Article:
Look at the sequence in "The Penanggalan" where Hellboy's little girl guide reveals herself to be the monster (you can find this in the recent collection The Troll Witch and Others; I'm starting on the fifth page of the story).
The sense of horror comes not from the narrative turn (which is probably obvious to most readers from the start, and is confirmed by a slim, silent panel of the girl gravely regarding Hellboy with her suddenly-red eye standing out from her shadowy body at the top of the page), but from the carefully-controlled unfolding of the moment. We are made certain of the girl's true identity right before a cluster of panels showing Hellboy piecing it together himself, the last of which is an ominous over-the-shoulder view of him from where the girl has been standing. Then the set piece begins. First we get a large cut-away to the girl's headless body dropping, along with a small inset of a native carving of the monster's face (the third occurrence of the motif, all of them completely unmotivated by character POV, and this one a bloody burgundy close-up on the fangs). Then we get a not-fully-intelligible (yet) close-up on interlinked tubular gray masses set against a soft-red background (a departure from the otherwise brownish-gold coloring of the setting), followed by the girl's trunk stirring up dust and bones as it strikes the floor in the last panel. Finally, across a page turn, we get a full image of the monster, a tall, narrow panel showing the Penanggalan's intestines snaking down from her floating head-and-organ-tree to entangle Hellboy. Then another quick image of the stonework, a close-up on the eye and teeth area (again in bloody burgundy suggesting an awakened life within), and, finally, the masterstroke: a close-up of the girl's head, no longer flesh-toned and human, but transformed into a shocking white death's head, complete with wild hair, gaping eye sockets, and greenish-yellow teeth lining a hideous little maw, all of this set against a background which is suddenly blazing red. "She lives in me," small text centered in a larger, off-set voice bubble, perfectly completes our sense of the feelingless, insatiable horror which the girl has become. Then, in quick succession, a panel of Hellboy struggling with the monster's coiled intestines, followed by a close-up on one of the eyeless, toothy snake-mouths at the tips; and, finally, a wide panel of a snake-tip amidst flecks of Hellboy's dark crimson blood punctuates the action before Mignola cuts away to a long-shot outside the monster's lair as Hellboy screams and his fate seems momentarily (despite our certainty of his ultimate victory) to be in question.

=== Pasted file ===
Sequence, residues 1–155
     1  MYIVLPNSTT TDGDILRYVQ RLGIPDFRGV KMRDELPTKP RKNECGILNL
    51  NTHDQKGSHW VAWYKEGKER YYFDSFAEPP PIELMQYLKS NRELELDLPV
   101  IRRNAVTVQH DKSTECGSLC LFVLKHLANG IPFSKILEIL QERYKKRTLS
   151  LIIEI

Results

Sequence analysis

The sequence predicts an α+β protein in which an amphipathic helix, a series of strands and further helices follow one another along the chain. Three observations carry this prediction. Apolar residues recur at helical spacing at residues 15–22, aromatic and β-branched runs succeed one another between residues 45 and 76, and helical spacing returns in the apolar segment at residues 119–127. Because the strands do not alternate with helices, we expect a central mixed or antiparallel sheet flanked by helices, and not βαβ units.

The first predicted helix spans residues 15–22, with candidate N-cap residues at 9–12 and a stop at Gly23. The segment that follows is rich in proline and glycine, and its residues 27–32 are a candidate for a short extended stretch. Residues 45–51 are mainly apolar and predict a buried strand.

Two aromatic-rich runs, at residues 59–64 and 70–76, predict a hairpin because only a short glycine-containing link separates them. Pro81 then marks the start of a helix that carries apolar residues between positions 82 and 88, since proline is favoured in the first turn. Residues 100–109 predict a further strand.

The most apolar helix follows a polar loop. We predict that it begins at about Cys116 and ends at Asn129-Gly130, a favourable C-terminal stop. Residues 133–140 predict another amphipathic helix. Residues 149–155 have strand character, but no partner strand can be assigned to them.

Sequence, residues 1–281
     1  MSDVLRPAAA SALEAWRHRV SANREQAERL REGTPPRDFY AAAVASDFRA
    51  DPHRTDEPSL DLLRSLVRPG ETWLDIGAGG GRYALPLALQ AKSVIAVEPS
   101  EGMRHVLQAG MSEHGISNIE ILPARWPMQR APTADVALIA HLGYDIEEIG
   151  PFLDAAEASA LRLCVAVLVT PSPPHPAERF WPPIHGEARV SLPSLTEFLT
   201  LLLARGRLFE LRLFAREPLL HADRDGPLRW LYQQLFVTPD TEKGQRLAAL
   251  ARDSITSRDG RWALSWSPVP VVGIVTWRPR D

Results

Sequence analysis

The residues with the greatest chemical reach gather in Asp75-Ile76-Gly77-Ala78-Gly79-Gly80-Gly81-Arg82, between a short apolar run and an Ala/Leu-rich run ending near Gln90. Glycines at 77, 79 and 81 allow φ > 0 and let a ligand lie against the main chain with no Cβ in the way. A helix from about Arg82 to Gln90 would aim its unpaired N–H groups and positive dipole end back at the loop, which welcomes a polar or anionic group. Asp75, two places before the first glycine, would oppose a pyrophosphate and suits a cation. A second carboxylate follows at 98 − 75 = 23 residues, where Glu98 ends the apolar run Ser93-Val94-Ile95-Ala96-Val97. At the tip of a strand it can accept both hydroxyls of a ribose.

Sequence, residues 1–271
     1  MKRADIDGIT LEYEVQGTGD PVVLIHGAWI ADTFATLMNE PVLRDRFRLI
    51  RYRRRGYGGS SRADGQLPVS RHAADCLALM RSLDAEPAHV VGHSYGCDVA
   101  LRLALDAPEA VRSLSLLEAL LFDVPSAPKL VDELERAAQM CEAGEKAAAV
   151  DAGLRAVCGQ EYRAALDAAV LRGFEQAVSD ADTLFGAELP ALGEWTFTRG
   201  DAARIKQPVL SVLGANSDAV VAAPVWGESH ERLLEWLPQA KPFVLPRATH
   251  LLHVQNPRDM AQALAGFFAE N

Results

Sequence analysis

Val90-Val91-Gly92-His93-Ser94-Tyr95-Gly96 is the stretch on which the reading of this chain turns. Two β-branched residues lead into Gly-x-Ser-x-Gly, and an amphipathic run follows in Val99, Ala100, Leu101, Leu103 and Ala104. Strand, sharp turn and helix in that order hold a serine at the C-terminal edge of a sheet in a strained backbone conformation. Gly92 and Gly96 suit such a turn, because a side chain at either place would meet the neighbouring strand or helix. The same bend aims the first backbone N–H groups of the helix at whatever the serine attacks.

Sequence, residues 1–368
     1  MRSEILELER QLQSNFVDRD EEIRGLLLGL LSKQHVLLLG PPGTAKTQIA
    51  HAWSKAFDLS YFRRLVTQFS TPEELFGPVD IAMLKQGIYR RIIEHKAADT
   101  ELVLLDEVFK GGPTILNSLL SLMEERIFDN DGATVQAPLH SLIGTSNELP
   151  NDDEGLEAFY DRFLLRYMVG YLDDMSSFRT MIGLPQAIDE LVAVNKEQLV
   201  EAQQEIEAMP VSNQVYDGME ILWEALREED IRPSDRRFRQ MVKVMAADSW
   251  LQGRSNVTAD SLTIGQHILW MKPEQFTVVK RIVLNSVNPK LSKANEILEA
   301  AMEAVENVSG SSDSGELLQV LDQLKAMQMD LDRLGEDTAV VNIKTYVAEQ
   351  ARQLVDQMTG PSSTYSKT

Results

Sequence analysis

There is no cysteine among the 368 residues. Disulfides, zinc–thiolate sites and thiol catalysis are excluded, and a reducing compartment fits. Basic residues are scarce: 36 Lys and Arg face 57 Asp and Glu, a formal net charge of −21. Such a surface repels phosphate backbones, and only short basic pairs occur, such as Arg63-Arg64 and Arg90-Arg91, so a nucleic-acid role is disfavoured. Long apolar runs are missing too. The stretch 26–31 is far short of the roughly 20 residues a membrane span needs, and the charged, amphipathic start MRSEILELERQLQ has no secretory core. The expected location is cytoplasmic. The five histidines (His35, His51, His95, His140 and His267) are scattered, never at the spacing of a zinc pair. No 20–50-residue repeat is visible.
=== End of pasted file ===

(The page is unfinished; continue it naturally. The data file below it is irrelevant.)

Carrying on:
Mike Mignola's Hellboy stories, like super-hero comics in general (which Hellboy largely is, though with generous helpings of horror and hard-boiled pulp fiction thrown in), and also like Hollywood blockbusters, are action-packed, spectacular entertainments with a high degree of narrative formalization, a kind of ritual regularity religiously adhered to by Mignola in every story: an enigma is introduced (often with the utmost economy, as in "The Penanggalan"), Hellboy investigates with a wonderfully non-plussed stoic reserve, and has a big fight with a monster which he will ultimately defeat. It is not the narrative specifics which we should celebrate in the Hellboy comics, and hope to see in the films, but the care with which Mike Mignola and his collaborators approach their craft, achieving large effects through modest means. Great Hellboy tales like "The Penanggalan" create a rich atmosphere of mystery and horror, an atmosphere which the films, despite eye-popping visuals, largely overlook, watering down what is in its native form a uniquely powerful example of visual storytelling with hum-drum Hollywood clichés. And that's a damn shame.